The Guardian September 12, 2001


Anger and frustration build at Holden

by Bob Briton

Workers at Holden's Elizabeth assembly plant in Adelaide are at the limits 
of their patience with the corporation's unwillingness to agree upon a 
satisfactory pay deal and acceptable conditions as part of a new Enterprise 
Bargaining Agreement.

Over 4000 Adelaide workers from the day and afternoon shifts walked off the 
job a fortnight ago in response to the latest offer of a 15.1 percent pay 
increase over three years.

This most recent offer from the company follows on previous ones of 14.75 
per cent over three years, then another one of 14.75 per cent with some 
fiddling of the other detail of the EBA, followed by another offer of 14.9 
per cent.

It was the last miniscule movement in the increase on offer that blew the 
lid off workers' anger and caused the walkout, which arose from motions 
from the floor—not from recommendations from union officials.

The Australian Manufacturing Workers' Union's (AMWU) ambit claim, which was 
agreed to at a National Conference as part of an Australia-wide campaign, 
was for a pay increase of 24 per cent over three years. Negotiating teams 
of union officials and senior shop stewards led by the AMWU had already 
lowered their claim to 20 per cent then, at meetings held in Melbourne just 
prior to the walkout, said that a 17.5 per cent increase was the union's 
minimum position on pay.

As can be seen, Holden's offers were not a serious attempt at reaching an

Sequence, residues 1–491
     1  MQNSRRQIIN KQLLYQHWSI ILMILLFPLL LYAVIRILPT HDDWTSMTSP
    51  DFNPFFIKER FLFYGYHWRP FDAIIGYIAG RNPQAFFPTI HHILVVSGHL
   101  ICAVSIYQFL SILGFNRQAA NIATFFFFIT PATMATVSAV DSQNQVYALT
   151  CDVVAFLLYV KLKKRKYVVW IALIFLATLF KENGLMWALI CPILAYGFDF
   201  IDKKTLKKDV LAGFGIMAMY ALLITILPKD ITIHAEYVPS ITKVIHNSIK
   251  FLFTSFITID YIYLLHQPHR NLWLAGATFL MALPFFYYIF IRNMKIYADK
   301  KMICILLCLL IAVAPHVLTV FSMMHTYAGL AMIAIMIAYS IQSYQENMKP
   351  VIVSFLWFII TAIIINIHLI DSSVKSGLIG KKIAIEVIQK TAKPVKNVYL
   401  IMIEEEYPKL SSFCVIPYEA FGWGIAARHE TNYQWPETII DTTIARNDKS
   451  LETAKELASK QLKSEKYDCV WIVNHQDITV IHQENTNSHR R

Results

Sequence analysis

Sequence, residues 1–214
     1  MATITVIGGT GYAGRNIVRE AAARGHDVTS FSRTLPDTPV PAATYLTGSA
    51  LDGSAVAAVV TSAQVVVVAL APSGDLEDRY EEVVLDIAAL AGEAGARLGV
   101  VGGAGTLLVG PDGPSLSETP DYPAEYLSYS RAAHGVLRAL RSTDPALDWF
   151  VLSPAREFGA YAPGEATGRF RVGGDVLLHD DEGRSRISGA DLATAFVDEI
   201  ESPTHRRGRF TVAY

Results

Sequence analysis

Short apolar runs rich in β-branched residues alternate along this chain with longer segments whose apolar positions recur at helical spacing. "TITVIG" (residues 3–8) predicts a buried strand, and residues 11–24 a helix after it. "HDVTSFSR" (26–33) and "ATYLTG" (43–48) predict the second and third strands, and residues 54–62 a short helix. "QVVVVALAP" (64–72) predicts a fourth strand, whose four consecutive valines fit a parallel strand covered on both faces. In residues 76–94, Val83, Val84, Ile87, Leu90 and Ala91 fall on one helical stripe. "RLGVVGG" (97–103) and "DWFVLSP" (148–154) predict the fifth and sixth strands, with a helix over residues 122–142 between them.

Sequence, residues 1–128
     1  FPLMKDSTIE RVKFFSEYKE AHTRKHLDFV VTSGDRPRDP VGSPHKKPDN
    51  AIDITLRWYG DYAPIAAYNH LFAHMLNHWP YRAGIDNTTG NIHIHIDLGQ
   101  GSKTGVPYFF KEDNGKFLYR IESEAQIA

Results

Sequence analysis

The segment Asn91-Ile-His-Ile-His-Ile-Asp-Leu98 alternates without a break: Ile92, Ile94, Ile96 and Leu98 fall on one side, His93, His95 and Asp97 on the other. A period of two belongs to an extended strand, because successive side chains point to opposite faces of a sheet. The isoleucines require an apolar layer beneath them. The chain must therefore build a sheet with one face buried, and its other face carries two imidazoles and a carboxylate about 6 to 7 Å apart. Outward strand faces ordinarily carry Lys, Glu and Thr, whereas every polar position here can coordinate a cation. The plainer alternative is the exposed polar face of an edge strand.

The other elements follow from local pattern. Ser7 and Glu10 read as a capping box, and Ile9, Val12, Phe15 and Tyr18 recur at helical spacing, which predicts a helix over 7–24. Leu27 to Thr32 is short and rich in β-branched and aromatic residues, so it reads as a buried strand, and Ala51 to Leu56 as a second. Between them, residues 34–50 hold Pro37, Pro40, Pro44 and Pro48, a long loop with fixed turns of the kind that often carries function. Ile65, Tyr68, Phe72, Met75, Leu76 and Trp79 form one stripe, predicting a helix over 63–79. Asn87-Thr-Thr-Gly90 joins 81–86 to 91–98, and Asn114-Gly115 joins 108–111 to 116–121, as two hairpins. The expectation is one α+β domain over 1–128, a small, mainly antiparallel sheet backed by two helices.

agreement and its attitude on other issues has also heightened tensions. 
Workers are incensed that Holden is holding to its hard-line postion 
despite profits of $280 million last year, extracted from the efforts of 
workers. 

AMWU State Secretary in SA, John Camillo, told The Guardian that the 
auto maker is also intent on increasing production from 125,000 units a 
year to 185,000 units as a part of its profits drive. To achieve this 
Holden wants to increase the "flexibility" of its operations and is 
pushing, for example, for programmed days off involving the whole plant to 
become RDOs for individual workers. 

Workers don't appear to be in the mood to oblige in view of how their 
previous cooperation has been taken for granted and pocketed.

Last July, for example, workers agreed to bring forward some of their 
annual leave because of a slump in exports to the Middle East. Orders for 
vehicles had been delayed because of religious observances in some Middle 
East markets. It appears that you can never be flexible enough for some 
employers.

At the stopwork meetings which led up to the strike, workers pointed out 
that even troubled manufacturer Mitsubishi was able to offer 14.75 per cent 
to their workers despite losses to the manufacturer's Australian division 
of $166 million last year.

In response to Holden's constant line about tight margins and the like, 
some workers suggested that the transnational should take a leaf out of 
Ford's book. That company has suspended bonuses going to executives from 
International President Jack Nasser down.

Last week Holden contacted the AMWU and said that its previous offer was 
not the company's bottom line and that it was prepared to offer 15.5 per 
cent (16.3% for the remainder of the Period of the EBA). The negotiating 
team rejected the offer but it was put to workplace meetings in Adelaide 
last Friday. The offer was rejected and it seems likely that it will be 
rejected by workers at the engine building plant at Fisherman's Bend in 
Victoria.

In another development the so-called "impartial umpire", the Industrial 
Relations Commission, has declared any further strike action in support of 
Manusafe (the industry-wide employee entitlement trust fund) to be illegal.

Back to index page